by Randolph T. Holhut
Chief of AR Correspondents
January 30, 2014
DUMMERSTON, Vt. - Thanks to whistleblower Edward Snowden, we now know what a rogue operation the National Security Agency is.
It has claimed the right to engage in secret and systematic mass surveillance on hundreds of millions of people in the United States and around the world. 0AIt has claimed the right to sift through our emails and web searches and phone calls without a warrant, as blatant a violation of the Fourth Amendment as you get.
The public outrage over government surveillance run amok forced President Obama to give a speech on Jan. 27 at the Justice Department that acknowledged the abuses and promised reform.
Or, so it appears on the surface. The reality does not come close to the rhetoric.
President Obama thinks he can defuse the outrage with a speech that promises reform, but we can expect things to go as they always have.
He can say that "individual freedom is the wellspring of human progress," but the spying will continue as before, just with better PR.
He can say the NSA consistently follows "protocols designed to protect the privacy of ordinary people," when the record shows that it has not ever, does not now, and will not in the future care about civil liberties and the Constitution.
He can say that "this debate will make us stronger," but hell will freeze over before Snowden wins clemency for his whistle-blowing.
In short, the Obama administration not only wants the national security state to remain as it now, but he also wants Americans to feel comfortable with the idea that everything that they say or do online is subject to collection and retention without just cause.
If the President was honest, he would have said these words: There will be no "balance" between the current surveillance state and our civil liberties. Meaningful oversight of our surveillance agencies will not be allowed. Shut up and go along. Remember, we're doing this to keep you safe.
But since his job is to defend the indefensible, the Obama Administration - which has not only continued the worst abuses of the Bush Administration, but doubled down on them - is asking for every American to trade most of his or her liberty for a bit of security.
As Ben Franklin pointed out long ago, people who accept that transaction end up with neither liberty nor security.
The history of our surveillance agencies is not a good one. From the Red Scare to the Civil Rights Movement to Occupy, from the anti-war protests of the Vietnam era to the anti-war protests against the Iraq invasion, there is a long record of spying, harassment, and imprisonment of Americans for the crime of calling B.S. on their government.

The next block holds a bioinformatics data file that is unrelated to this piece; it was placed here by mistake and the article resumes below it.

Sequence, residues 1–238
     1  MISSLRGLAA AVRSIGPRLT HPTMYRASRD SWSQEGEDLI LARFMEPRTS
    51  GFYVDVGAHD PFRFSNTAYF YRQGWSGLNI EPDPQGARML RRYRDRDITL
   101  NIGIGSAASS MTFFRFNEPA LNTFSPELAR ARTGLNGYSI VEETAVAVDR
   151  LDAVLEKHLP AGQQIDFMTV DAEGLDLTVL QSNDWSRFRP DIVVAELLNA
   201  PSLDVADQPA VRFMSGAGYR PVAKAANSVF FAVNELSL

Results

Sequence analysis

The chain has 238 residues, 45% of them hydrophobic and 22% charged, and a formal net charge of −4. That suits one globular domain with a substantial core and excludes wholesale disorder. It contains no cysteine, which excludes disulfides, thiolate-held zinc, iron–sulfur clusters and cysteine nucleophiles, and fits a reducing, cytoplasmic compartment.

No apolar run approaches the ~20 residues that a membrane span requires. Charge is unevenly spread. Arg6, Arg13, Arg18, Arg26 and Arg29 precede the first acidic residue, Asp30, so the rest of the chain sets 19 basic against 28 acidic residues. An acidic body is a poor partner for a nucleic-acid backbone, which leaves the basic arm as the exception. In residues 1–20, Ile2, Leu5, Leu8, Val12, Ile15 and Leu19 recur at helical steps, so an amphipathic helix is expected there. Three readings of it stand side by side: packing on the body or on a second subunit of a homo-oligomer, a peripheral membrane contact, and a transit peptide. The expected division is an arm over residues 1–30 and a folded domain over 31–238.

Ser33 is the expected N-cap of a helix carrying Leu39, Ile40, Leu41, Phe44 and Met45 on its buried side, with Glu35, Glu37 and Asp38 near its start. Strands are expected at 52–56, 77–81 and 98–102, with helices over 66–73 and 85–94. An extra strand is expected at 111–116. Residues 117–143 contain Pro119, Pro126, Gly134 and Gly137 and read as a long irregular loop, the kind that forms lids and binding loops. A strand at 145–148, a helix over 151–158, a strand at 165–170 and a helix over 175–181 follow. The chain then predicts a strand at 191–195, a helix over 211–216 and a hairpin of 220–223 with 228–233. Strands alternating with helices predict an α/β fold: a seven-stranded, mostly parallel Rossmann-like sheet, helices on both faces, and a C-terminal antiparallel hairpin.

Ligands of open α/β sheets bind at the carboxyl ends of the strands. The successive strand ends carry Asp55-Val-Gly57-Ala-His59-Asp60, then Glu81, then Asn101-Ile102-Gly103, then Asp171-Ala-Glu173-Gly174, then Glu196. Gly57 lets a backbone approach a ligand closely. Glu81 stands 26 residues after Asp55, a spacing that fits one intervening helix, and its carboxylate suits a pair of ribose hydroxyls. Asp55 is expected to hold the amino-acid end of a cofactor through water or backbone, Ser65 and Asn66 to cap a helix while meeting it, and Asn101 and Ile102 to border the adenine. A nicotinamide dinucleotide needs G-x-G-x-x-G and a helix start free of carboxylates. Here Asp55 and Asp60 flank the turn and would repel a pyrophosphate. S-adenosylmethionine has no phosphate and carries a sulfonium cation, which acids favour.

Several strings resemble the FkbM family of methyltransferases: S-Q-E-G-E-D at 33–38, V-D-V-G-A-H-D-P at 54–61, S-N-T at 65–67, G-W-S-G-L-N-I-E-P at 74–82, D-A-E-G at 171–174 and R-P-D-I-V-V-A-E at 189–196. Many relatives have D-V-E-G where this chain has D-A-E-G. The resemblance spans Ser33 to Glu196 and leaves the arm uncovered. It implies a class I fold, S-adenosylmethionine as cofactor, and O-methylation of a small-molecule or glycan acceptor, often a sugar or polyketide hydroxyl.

The revelations of the abuses by U.S. intelligence agencies against their own citizens from the end of World War II to the end of the Vietnam war sparked congressional hearings in the 1970s and laws to rein in their operations. Those laws are just a memory now. From collecting your metadata to torture and assassination, everything is fair game in the post-constitutional nation we live in now.
There isn't a rival superpower, not since the Soviet Union collapsed. Yet we are spending more than half of the federal budget on war and state security. Are a disparate group of Islamic radicals as much an existential threat compared to a nation that once had thousands of nuclear missiles aimed at us? The cynical stoking of fear in the days after the Sept, 11, 2001, attacks opened the door to the creation of an expanded national security state operating in secret, unaccountable to no one. And the national security state has joined hands with private corporations in gathering and storing data, ensuring ever-greater profits at the expense of our freedoms.
As for keeping us safe, I say that there is no threat in existence now, or on the horizon, that justifies taking away our First Amendment rights to freedom of speech, thought and association. Or our Fourth Amendment rights against unreasonable searches and seizures. Or our Fifth Amendment right against self-incrimination. Or the most sacred of American rights, the right to privacy and to be left alone.
Quite simply, to preserve our civil liberties, we must repeal the corrupt set of laws that allow billions of records on every single American to collected and retained.
AR's Chief of Correspondents, Randolph T. Holhut, holds an M. P.A .from the Kennedy School of Government at Harvard University and has been an award-winning journalist in New England for more than 30 years. He edited "The George Seldes Reader" (Barricade Books). He can be reached at firstname.lastname@example.org.